Last month, California lawmakers passed a bill that would decriminalize the personal possession of small amounts of a few plant-based psychedelics. This raised hopes that this could be the first of many reforms to unlock the therapeutic potential of psychedelics. Unfortunately, Governor Newsom vetoed the bill, citing reasons that can only be characterized as specious.”
When the California legislature passed a bipartisan bill one month ago that would decriminalize possessing and personally using certain plant‐based psychedelic drugs, I welcomed the action as building momentum toward full legalization of a class of drugs with great potential to treat depression, post‐traumatic stress disorder, addiction, and a host of other mental health disorders. Alas, over the weekend, California Governor Gavin Newsom vetoed the bill.
The legislation would have effectively allowed people to possess small amounts of psilocybin or psilocin (found in so‐called “magic mushrooms”), DMT (found in ayahuasca), and mescaline (found in peyote and other cactus plants) but explicitly would not have legalized the sale of these
products, or allowed psychotherapists or “facilitators” to administer them to people for psychedelic‐assisted psychotherapy. The bill did not decriminalize possessing ibogaine (found in the iboga shrub) or synthetic psychedelics such as LSD or MDMA.
In vetoing the bill, Governor Newsom stated:
California should immediately begin work to set up regulated treatment guidelines—replete with dosing information, therapeutic guidelines, rules to prevent against exploitation during guided treatments, and medical clearance of no underlying psychoses. Unfortunately, this bill would decriminalize possession prior to these guidelines going into place, and I cannot sign it.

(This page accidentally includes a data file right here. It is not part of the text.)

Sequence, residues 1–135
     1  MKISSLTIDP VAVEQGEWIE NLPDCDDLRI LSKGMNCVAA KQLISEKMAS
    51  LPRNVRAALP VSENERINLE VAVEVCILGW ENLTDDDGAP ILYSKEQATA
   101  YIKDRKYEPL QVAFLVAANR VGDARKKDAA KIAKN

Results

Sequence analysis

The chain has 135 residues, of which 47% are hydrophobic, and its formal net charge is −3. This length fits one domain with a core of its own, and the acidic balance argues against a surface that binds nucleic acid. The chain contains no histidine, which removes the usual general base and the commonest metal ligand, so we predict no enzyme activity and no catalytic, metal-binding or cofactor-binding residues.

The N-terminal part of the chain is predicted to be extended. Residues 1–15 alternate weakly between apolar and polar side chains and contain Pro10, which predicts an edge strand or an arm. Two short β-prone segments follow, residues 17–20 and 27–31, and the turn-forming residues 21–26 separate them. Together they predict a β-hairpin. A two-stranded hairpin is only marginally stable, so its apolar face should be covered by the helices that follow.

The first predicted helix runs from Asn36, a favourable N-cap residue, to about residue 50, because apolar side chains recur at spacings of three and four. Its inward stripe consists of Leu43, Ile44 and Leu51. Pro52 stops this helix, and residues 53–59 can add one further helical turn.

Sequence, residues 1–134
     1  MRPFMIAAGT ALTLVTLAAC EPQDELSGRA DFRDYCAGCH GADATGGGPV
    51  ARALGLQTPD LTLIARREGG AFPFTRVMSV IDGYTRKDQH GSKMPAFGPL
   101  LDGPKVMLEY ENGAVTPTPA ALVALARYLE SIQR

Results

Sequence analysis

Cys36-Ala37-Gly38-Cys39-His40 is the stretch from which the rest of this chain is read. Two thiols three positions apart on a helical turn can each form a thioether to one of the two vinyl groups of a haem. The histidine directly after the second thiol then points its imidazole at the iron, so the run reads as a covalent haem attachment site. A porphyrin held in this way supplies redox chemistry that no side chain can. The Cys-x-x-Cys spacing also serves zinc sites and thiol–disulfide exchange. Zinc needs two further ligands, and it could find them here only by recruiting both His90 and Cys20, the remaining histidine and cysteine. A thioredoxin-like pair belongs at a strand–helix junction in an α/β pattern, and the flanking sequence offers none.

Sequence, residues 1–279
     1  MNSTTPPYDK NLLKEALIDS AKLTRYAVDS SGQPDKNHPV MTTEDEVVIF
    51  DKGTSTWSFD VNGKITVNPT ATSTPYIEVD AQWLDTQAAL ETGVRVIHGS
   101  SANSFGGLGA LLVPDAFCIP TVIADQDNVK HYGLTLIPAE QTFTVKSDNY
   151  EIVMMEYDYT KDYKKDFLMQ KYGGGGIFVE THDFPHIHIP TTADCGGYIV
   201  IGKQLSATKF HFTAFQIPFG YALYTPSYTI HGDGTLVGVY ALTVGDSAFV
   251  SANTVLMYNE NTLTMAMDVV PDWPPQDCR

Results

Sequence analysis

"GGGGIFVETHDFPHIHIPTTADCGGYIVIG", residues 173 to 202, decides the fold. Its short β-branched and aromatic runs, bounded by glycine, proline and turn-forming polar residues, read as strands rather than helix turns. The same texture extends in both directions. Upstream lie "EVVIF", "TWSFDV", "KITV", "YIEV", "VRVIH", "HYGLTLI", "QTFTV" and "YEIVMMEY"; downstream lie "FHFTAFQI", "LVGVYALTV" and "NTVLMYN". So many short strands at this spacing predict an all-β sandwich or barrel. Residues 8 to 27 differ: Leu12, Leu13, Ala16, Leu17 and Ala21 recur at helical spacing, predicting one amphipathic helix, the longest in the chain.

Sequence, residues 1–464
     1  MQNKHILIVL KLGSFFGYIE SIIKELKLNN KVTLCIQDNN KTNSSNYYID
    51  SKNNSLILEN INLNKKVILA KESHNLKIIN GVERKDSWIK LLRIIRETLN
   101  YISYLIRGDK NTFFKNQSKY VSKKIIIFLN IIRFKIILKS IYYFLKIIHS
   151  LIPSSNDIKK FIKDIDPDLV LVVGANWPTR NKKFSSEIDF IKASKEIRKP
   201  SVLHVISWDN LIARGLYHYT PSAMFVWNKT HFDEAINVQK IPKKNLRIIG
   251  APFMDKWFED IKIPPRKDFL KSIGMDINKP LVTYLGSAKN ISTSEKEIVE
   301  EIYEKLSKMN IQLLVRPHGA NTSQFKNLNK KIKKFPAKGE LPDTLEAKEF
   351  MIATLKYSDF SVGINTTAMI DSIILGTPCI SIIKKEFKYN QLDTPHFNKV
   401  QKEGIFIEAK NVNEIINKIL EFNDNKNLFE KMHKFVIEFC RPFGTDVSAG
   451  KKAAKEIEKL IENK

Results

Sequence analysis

The governor’s veto message is simultaneously a non sequitur and a “catch‐22.” First, the bill didn’t decriminalize psychedelic‐assisted therapy, only personal possession. So, the governor’s concerns about “dosing information, therapeutic guidelines, and rules to prevent exploitation during treatments” do not logically connect to the language or intent of the law.
Second, there is no way clinicians can develop dosing information and therapeutic guidelines for psychedelic‐assisted therapies when the drugs remain illegal and essentially off‐limits to clinical research. Yet that’s how medical science works: clinical researchers perform trials using varying doses and treatment modalities, report their findings, and thus develop and refine dosage and therapeutic guidelines.
Despite decades of clinical research providing evidence of psychedelics’ therapeutic potential, the Drug Enforcement Administration decided that psychedelics have “no currently accepted medical use.” It classified them as Schedule 1 drugs, another example of “cops practicing medicine.”
By placing psychedelics on Schedule 1, the DEA erected many regulatory obstacles for researchers wishing to conduct clinical trials that could yield information regarding the efficacy, dosage, and therapeutic guidelines of plant‐based or synthetic psychedelics. Additionally, plant‐based psychedelics, as well as synthetics such as LSD or MDMA, are off‐patent. While pharmaceutical companies can still patent the processes by which they extract or synthesize psychedelics, they have little incentive to seek DEA approval for clinical psychedelic research.
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